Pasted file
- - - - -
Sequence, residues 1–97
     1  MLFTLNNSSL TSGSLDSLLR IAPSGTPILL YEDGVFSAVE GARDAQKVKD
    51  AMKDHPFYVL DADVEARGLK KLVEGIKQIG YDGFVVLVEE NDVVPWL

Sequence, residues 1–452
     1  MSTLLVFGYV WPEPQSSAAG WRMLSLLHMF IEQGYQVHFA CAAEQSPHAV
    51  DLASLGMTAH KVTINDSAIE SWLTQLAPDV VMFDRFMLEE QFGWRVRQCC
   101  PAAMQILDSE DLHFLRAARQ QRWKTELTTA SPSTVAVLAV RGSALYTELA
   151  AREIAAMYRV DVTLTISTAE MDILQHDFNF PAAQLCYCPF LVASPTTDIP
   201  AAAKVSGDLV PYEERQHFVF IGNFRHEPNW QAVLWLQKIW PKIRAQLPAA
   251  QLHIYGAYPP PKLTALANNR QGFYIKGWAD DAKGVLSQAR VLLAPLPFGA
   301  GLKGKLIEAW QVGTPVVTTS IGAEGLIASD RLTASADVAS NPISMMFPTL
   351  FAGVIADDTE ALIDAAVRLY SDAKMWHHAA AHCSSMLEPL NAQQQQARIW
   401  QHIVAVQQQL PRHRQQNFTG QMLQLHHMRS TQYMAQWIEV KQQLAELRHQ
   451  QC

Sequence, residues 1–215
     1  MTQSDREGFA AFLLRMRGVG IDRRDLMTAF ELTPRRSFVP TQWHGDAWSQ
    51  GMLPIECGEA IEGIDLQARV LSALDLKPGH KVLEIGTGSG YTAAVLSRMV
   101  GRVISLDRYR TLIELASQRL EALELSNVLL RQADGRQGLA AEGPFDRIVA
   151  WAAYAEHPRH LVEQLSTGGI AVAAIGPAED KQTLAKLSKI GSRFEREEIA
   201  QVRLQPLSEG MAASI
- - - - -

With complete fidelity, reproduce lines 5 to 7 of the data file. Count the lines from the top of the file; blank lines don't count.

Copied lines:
     1  MSTLLVFGYV WPEPQSSAAG WRMLSLLHMF IEQGYQVHFA CAAEQSPHAV
    51  DLASLGMTAH KVTINDSAIE SWLTQLAPDV VMFDRFMLEE QFGWRVRQCC
   101  PAAMQILDSE DLHFLRAARQ QRWKTELTTA SPSTVAVLAV RGSALYTELA